By Heather Kolich
With an October freeze followed by a relatively balmy December capped with several consecutive days of subfreezing temperatures, Georgia weather has experienced a few unexpected weather events from autumn into winter. Temperatures at both ends of the spectrum can affect the development of fruit crops during the dormant season, including blueberries and peaches, which are economically important crops in Georgia.
From apples to strawberries, perennial fruits and nuts need a certain number of cold hours, called chill or chilling hours, during the winter to prepare them to break dormancy for fruiting. The number of required chill hours varies by the type of fruit, as well as by the different cultivars within a fruit species.
For example, citrus fruits require 100 or fewer chill hours to produce fruit. An apple cultivar with a low chilling-hours requirement, such as ‘Anna’, will begin budding with as little as 200 hours, but an apple variety with a high chilling-hours requirement, such as ‘Honey Crisp’, will remain dormant until it has accumulated 800 to 1,000 hours of cold between 32 to 45 degrees Fahrenheit.
If the planting zone does not accumulate the requisite number of chilling hours between October and the end of February, fruit plants produce fewer blossoms, resulting in a lower yield of fruit. Alternatively, if the area receives more than the required amount of chilling, the plants may break bud before winter ends. That is one of the reasons that oranges are grown in Florida and apples and blueberries are grown from Georgia to Michigan.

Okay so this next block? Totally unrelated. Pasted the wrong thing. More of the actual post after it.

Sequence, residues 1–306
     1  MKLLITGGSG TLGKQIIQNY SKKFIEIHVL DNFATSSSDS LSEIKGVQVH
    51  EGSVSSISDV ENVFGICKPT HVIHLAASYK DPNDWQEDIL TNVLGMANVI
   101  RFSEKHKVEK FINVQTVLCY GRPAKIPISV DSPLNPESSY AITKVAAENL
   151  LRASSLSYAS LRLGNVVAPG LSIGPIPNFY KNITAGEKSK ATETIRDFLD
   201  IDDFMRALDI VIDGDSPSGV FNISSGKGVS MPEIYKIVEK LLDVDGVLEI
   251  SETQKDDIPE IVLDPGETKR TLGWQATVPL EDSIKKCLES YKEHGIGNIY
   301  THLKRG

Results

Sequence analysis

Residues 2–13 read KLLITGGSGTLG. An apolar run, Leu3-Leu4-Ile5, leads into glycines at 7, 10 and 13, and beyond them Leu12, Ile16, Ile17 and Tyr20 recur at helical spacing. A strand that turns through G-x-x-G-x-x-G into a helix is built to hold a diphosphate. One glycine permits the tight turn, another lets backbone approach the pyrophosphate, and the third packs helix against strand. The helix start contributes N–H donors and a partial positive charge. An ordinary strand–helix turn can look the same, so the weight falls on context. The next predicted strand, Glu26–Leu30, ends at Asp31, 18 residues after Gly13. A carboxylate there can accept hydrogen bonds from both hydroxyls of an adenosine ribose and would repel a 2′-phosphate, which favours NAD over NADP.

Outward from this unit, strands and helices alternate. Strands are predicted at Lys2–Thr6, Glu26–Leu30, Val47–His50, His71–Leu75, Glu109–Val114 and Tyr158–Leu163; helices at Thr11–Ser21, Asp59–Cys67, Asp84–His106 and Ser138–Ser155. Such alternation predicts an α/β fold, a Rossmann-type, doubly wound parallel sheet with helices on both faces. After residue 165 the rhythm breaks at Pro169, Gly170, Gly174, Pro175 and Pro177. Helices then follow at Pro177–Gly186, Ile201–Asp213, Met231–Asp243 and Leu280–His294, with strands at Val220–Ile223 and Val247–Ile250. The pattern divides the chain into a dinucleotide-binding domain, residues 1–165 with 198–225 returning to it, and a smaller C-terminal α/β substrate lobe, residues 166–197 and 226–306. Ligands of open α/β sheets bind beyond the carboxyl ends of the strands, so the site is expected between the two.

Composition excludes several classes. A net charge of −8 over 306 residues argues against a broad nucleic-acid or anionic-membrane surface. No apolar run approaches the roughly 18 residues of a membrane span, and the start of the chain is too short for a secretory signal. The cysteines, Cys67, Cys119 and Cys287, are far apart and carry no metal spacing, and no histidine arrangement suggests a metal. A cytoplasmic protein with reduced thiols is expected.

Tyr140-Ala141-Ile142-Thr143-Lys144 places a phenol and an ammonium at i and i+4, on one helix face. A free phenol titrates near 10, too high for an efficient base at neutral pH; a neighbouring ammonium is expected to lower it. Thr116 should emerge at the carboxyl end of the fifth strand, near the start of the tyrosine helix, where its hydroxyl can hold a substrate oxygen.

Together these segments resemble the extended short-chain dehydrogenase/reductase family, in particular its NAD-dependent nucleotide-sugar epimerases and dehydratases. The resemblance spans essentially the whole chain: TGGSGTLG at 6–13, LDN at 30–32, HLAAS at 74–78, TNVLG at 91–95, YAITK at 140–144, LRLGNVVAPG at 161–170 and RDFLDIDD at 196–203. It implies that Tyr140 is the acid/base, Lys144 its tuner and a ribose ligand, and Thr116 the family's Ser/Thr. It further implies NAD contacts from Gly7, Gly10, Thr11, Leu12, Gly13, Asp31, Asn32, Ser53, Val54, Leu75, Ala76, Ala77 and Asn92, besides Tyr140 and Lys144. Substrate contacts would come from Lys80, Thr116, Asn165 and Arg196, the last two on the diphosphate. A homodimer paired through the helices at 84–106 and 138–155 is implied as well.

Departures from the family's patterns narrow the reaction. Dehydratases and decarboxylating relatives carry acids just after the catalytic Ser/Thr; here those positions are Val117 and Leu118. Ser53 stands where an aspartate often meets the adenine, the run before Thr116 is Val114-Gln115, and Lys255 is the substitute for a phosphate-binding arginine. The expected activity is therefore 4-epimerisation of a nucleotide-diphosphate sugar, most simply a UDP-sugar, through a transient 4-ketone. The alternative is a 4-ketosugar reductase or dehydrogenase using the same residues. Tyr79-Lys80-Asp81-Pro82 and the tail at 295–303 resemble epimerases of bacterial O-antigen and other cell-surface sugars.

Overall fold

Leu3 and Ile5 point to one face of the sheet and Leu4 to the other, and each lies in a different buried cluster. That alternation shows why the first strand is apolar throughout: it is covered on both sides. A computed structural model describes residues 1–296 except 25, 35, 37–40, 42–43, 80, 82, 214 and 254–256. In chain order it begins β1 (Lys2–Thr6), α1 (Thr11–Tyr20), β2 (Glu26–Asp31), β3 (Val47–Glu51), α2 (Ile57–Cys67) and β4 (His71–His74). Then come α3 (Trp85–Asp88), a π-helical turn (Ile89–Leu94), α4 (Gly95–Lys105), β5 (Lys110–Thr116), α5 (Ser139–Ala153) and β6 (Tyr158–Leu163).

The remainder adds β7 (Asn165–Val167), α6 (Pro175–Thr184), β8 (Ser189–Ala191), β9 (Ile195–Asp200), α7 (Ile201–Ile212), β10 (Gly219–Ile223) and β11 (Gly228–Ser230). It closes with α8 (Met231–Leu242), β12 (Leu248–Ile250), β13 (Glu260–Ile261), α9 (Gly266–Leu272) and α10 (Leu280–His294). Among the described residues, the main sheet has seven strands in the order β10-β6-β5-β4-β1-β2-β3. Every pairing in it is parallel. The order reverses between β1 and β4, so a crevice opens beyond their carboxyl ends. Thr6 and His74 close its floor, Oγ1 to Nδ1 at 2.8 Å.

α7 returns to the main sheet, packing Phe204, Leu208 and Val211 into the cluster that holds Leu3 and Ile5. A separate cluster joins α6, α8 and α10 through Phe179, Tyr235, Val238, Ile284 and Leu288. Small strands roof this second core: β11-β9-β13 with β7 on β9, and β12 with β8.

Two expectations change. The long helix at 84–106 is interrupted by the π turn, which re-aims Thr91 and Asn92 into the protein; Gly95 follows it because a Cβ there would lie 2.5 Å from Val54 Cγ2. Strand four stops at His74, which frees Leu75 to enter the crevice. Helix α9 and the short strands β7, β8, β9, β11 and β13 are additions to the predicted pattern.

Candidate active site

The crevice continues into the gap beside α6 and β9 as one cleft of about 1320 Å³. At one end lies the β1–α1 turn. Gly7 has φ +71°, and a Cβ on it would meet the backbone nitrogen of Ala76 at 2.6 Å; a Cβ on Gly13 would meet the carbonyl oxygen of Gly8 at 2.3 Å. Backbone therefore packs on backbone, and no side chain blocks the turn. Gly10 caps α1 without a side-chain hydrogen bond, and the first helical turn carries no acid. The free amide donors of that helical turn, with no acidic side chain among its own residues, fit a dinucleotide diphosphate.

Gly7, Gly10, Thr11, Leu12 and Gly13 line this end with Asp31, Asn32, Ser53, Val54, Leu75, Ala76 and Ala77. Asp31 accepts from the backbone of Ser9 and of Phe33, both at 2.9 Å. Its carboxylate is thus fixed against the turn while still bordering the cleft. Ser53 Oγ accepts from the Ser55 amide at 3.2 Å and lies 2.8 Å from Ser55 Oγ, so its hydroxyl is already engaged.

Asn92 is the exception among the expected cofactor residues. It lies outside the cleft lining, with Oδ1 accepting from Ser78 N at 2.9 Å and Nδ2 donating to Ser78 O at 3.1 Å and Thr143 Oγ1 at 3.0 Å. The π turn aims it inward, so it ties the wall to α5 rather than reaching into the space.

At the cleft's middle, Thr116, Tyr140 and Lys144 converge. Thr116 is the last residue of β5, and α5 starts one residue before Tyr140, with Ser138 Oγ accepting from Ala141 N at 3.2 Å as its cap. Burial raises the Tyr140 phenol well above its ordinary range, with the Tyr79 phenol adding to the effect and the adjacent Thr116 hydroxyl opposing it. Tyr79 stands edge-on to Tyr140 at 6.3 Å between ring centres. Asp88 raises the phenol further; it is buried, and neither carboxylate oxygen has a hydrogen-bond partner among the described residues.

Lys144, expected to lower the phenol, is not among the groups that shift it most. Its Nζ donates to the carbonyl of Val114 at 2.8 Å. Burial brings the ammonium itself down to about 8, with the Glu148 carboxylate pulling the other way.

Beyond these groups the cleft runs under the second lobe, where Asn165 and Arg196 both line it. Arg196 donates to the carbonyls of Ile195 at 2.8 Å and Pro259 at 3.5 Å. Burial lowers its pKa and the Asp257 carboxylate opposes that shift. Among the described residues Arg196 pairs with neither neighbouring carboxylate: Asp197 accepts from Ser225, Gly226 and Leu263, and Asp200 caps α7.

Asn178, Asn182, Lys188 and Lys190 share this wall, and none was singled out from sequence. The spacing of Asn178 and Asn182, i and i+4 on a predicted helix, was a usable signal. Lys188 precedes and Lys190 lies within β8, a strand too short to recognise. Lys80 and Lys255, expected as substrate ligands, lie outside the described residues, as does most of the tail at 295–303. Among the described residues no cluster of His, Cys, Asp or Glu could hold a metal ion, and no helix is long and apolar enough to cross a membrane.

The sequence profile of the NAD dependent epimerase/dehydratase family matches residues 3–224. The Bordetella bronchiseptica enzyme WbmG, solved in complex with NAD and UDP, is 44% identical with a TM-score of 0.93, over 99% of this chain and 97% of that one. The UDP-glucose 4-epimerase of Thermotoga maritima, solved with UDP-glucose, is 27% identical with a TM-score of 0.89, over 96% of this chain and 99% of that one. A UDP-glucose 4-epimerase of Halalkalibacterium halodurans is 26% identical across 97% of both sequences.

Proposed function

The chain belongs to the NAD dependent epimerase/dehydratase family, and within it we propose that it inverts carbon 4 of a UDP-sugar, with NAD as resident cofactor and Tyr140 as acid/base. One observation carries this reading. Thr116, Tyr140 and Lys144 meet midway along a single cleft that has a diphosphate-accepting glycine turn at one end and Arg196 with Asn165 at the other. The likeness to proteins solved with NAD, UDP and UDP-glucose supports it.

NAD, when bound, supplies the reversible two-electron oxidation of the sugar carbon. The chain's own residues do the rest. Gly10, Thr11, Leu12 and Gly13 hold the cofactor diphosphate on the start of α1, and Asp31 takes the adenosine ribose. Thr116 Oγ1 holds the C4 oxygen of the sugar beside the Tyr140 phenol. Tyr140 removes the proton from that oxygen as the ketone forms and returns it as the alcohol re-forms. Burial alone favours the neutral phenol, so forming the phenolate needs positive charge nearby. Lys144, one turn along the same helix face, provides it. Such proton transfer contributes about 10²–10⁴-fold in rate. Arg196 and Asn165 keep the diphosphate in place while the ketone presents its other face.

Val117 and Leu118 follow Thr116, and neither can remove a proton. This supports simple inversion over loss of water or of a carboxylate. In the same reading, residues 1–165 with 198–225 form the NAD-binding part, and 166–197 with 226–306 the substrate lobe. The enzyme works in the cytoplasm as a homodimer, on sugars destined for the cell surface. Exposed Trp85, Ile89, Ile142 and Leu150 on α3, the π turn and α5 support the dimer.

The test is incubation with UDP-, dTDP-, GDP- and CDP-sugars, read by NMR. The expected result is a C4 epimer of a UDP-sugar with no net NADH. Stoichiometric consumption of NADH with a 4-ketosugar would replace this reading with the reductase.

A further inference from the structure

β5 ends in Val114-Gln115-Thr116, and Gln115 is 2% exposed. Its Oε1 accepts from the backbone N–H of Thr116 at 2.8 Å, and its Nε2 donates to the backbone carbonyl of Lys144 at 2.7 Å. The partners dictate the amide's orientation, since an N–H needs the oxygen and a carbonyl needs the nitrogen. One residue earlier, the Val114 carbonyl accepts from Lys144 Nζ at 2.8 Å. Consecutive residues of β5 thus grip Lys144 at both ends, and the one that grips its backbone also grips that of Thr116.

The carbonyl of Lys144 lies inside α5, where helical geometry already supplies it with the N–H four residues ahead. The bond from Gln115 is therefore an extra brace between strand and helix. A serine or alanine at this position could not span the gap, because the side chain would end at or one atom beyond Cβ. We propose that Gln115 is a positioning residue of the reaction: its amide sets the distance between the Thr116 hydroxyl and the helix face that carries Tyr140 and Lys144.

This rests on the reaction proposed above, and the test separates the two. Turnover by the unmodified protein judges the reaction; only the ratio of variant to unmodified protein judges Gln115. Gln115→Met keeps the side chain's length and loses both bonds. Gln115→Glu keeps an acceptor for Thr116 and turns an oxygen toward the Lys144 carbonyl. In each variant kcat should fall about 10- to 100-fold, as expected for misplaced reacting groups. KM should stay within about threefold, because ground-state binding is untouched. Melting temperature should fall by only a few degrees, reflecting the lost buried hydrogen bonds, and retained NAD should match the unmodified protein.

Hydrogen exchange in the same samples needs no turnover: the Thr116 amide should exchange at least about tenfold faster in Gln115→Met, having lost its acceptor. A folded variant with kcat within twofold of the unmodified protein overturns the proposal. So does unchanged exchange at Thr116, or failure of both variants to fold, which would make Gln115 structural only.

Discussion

According to the chilling hours calculator on the University of Georgia Weather Network, Elijay, the “Apple Capital of Georgia,” accumulated more than 700 chilling hours between Oct. 1 and Dec. 30, 2022. In the southern half of the state, Vidalia, home of the Vidalia onions, accumulated 334 chilling hours over the same period.
Subfreezing temperatures, especially when prolonged, can injure or kill fruit buds. Although chill hours are historically counted at temperatures between 32 and 45 degrees F, Phil Brannen, UGA Cooperative Extension fruit disease specialist, said the deep-freeze weekend that blew through the state could benefit Georgia’s peach and grape crops by adding needed chill hours. Extreme cold also helps to kill the bacteria that causes Pierce’s disease in grapes — Xylella fastidiosa — as well as the pest insects — sharpshooters — that spread the disease.
The killing cold also benefited the southern half of the state, where cotton, corn and peanuts are major economic crops. Bob Kemerait, UGA plant pathologist, said the extreme cold contributed to the control of several crop pests, including rust fungi, root-feeding nematodes and kudzu.
On the home landscape front, many plants are showing signs of cold injury. Time and patience are the best treatment now and as temperatures return to normal for bedding plants, woody perennials and turfgrasses. “Wait and see” is the advice from UGA Extension horticulture and turfgrass specialists Bodie Pennisi and Clint Waltz.
Pansies and violas planted in beds have a good chance of recovering, but other seasonal color plants, including perennials like heuchera and dusty miller, may not prove as hardy. Plants in containers and raised beds may not recover either, as the roots were more exposed to freezing than those of plants in the ground.
Turfgrasses are also likely to recover, according to Waltz. Recovery is evidence of green tissue, but homeowners are urged not to apply fertilizer until plants begin active growth.
Perennial shrubs and trees were also affected, especially on young twigs at the edges of the canopy. Resist pruning until closer to spring when the damage can be assessed, said Pennisi, adding that the damaged twigs could provide protection to the rest of the plant if there is another freeze event.